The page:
Today, bishops from two committees of the U.S. Conference of Catholic Bishops (USCCB), expressed their profound sorrow at the loss of three American crew members when a firefighting air tanker crashed in the state of New South Wales in Australia. Archbishop Paul S. Coakley of Oklahoma City, chairman of the USCCB Committee on Domestic Justice and Human Development, and Bishop David J. Malloy of Rockford, chairman of the USCCB Committee on International Justice and Peace, offered the following statement:
“As the people of Australia continue to endure terrible fires, let us renew our prayer and generosity. Today, the suffering was brought even closer to home with the loss of three brave American crew members who died in the crash of a tanker airplane used in fighting wildfires in Australia. We join in prayerful solidarity with their families and with all the people of Australia and all those in regions affected by these terrible fires. Our thoughts and prayers go out to the families and friends of those who are suffering from this tragedy and from the disaster these dedicated professionals were fighting. In our prayer, we recall in trust that Jesus is the resurrection and the life, offering Himself to us and calling us to Himself even in our hardest hour.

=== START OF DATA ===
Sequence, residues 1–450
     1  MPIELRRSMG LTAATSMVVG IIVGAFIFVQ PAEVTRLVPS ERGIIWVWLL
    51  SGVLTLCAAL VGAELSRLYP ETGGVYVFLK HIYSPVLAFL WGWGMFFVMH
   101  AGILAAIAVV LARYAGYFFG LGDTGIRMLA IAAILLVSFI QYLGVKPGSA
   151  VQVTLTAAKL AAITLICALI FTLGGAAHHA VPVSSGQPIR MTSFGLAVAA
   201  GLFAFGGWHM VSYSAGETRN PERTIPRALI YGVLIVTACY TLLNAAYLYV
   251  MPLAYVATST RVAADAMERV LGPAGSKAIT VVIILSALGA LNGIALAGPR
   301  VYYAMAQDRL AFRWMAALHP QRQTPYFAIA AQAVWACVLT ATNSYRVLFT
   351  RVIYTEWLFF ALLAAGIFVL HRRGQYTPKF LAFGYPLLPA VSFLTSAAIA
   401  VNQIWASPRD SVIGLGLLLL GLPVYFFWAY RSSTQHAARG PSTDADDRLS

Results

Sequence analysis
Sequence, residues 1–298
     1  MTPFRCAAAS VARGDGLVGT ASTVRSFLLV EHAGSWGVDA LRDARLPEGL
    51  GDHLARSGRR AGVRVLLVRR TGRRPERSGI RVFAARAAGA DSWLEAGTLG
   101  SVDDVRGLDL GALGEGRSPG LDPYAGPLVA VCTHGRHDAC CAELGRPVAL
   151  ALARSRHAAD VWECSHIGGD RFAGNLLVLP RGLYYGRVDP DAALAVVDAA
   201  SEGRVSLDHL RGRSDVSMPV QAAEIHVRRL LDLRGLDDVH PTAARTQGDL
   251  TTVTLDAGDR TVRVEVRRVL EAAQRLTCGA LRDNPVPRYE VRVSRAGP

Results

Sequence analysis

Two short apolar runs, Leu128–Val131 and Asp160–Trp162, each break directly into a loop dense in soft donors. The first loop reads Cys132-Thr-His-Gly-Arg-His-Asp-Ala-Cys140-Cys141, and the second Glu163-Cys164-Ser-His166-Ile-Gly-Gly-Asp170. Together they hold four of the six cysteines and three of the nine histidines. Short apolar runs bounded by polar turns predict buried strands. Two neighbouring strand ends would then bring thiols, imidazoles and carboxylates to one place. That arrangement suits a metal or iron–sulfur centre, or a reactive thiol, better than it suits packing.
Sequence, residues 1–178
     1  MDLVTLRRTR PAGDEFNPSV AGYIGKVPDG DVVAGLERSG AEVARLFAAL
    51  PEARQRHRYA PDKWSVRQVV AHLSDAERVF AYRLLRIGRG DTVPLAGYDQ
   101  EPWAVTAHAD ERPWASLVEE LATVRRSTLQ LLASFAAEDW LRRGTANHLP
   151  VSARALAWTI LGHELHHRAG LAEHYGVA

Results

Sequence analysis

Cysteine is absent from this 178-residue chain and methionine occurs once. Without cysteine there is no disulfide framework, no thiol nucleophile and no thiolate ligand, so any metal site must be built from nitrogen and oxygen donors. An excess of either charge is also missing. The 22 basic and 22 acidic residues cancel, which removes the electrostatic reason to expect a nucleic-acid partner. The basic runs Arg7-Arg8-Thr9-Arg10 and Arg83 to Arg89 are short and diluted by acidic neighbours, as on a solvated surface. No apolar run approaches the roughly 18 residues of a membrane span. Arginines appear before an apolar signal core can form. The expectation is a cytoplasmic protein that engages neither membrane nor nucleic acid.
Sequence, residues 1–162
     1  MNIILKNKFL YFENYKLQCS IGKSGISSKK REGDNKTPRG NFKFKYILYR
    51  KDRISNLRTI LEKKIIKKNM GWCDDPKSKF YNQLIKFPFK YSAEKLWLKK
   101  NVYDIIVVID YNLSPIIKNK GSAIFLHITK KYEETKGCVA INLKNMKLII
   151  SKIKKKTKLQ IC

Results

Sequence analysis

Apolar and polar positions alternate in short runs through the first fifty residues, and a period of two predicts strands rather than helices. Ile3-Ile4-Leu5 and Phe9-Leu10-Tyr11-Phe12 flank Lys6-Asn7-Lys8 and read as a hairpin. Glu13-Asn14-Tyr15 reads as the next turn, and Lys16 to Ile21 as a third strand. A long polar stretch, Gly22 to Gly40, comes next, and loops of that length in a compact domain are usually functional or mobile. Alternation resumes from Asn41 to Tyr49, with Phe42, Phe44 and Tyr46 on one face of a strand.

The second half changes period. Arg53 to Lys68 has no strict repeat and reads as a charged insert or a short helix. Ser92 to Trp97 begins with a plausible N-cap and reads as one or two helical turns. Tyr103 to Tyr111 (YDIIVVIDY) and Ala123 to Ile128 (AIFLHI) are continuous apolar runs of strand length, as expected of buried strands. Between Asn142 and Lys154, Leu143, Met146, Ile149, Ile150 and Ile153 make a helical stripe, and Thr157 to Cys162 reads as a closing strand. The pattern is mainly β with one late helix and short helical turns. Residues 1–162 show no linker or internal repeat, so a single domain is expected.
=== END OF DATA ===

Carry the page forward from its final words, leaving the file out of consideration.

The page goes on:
“We join with Archbishop José Gomez, president of the USCCB, as expressed in his solidarity letter to the president of the Australian Catholic Bishops Conference, in the heartfelt prayers offered by the bishops of Australia in response to the terrible wildfires that have affected that nation and claimed the lives of so many individuals. We call upon the faithful to support, through their petitions and concern, the efforts at extinguishment and recovery taking place throughout in response to these fires. It is in unity with the bishops of Australia that we encourage the faithful and all appropriate parties to be generous in their financial support of these recovery efforts. We pray for the safety and wellbeing of those affected and those fighting the fires, and hope for the eventual restoration of the homes and natural habitats that have been destroyed.”